Since this study compares mobile payment acceptance between Generation Z and X, we need to ensure that the factor structure is invariant in both subsamples. For that reason, we used confirmative factor analysis [96], whereby the factor loadings were invariant for the two generations. Constraining the measurement weights for the two groups did not result in a lower fit (χ2 = 25.259, df = 20, p = 0.192). Common method variance was examined because single respondents provided data for all constructs [97]. The Harman single-factor method explained less than 50% of the total variance and resulted in an ill-fitted model. The marker variable [98] did result in low correlations with other constructs (Usefulness−0.020, Ease of use = − 0.029, Compatibility = 0.126, Enjoyment = 0.163, Subjective norms = 0.128, Privacy risk = 0.086, Financial risk = 0.114, Intention = 0.096).

Table 6 Correlation coefficients of the constructs
Table 7 Cross-loadings of construct items

The structural models were compared by constraining the regression weights to be equal in the model [99]. The analysis resulted in a significant difference of the constrained from the unconstrained model (χ2 = 288.308. df = 56. p = 0.000). Moreover, we tested each parameter by constraining them to be equal. Finally, critical ratios for parameter differences were calculated using a bootstrapping method with a sample size of 2000. The structural models revealed high explained variances. For Generation Z, the explained variance of intention to use was 0.74. and for Generation X 0.68. We assessed the structural model by standardized regression weights ,t-values, and their significance levels (Table 8).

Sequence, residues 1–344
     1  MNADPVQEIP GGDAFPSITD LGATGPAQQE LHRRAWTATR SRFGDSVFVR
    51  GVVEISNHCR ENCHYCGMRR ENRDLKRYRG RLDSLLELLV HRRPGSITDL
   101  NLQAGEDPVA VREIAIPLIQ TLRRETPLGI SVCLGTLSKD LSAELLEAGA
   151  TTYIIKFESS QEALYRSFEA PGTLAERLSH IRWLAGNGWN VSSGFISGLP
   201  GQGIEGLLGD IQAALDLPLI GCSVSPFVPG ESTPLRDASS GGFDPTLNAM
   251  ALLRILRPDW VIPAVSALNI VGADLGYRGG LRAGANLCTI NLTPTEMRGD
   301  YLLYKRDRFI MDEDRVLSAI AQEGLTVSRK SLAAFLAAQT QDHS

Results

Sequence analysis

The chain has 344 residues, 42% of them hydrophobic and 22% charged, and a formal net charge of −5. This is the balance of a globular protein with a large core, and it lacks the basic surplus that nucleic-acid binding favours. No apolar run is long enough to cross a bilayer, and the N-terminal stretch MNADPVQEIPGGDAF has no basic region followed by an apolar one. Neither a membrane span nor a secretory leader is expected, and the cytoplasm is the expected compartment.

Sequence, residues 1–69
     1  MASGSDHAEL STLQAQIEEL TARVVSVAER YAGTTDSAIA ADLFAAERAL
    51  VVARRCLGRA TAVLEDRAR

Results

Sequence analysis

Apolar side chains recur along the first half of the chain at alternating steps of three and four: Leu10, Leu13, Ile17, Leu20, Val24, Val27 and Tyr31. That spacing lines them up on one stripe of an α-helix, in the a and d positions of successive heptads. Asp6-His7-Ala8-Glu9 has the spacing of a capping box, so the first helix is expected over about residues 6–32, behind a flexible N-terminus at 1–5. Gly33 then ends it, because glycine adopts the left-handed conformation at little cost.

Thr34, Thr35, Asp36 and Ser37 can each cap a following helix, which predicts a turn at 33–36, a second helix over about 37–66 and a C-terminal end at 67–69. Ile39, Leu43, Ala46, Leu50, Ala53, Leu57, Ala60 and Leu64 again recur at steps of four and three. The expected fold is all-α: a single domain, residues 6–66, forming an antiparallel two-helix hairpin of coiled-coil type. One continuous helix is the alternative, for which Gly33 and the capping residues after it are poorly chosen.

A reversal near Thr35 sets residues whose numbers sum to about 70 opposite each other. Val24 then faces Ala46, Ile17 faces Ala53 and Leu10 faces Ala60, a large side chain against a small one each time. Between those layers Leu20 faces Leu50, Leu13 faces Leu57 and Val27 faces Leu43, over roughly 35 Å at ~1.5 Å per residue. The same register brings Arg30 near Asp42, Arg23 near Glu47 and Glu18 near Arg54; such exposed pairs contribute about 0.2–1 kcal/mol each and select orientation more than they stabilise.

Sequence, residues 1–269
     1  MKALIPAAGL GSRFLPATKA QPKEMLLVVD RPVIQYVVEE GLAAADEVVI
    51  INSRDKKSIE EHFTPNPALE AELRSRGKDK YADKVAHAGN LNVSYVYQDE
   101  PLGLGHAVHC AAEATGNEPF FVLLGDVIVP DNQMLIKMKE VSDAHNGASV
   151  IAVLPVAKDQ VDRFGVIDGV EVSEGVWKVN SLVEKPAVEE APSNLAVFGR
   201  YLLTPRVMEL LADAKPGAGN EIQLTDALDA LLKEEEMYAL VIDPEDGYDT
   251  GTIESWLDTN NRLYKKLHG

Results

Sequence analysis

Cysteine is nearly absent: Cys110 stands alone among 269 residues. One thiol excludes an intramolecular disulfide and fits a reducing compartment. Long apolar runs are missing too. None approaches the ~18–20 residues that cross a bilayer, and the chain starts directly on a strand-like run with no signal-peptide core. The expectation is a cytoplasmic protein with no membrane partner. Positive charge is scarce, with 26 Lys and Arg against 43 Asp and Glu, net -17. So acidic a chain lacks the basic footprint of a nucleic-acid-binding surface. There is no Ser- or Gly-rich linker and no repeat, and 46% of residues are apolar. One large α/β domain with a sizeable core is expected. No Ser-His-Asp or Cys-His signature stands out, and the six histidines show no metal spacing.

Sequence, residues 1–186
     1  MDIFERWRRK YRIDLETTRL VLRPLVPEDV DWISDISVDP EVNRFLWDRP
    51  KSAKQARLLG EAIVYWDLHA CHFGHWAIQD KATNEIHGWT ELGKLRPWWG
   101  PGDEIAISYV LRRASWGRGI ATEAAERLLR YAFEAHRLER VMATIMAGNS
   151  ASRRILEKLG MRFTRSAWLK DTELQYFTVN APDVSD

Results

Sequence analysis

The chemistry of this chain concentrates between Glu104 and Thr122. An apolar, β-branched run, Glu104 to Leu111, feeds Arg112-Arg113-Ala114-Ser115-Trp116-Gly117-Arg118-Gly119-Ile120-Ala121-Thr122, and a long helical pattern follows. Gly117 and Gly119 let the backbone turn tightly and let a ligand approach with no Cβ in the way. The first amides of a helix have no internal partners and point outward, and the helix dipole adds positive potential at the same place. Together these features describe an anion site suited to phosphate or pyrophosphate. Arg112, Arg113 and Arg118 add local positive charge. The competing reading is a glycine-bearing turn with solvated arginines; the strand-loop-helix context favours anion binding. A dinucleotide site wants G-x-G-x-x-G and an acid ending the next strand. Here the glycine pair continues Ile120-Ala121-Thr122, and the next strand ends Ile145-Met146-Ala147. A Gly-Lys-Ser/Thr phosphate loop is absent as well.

Table 8 Estimated coefficients and t-values of the structural models by generations

First, both generations revealed significant positive relationships (ßZ=0.209, pZ = 0.000; ßX = 0.279, pX = 0.000) between perceived usefulness and the intention to use NFC mobile payment technology. The more valuable the respondents found mobile payment, the higher was their intention to use the new payment method. However, no statistical difference was detected (t value = 0.154) in the effect sizes between the two generations. Consequently, perceived usefulness exerted a similar impact on the intention to pay by NFC mobile technology. Therefore, Hypothesis 1 should be rejected.

Second, the perceived ease of use increased the perceived usefulness of NFC mobile payment in both generations. (The explained variance of perceived usefulness was 0.41 for Generation Z and 0.61 for Generation X.) However, the effect sizes differed significantly between the two generations (ßZ = 0.392, pZ = 0.000; ßX = 0.569, pX = 0.000). Generation X respondents perceived much higher usefulness if they found the NFC mobile payment method easier to use (t value = 2.315). Hypothesis 2 proposed that the effect size will be larger for Generation Z than for Generation X, which should be rejected.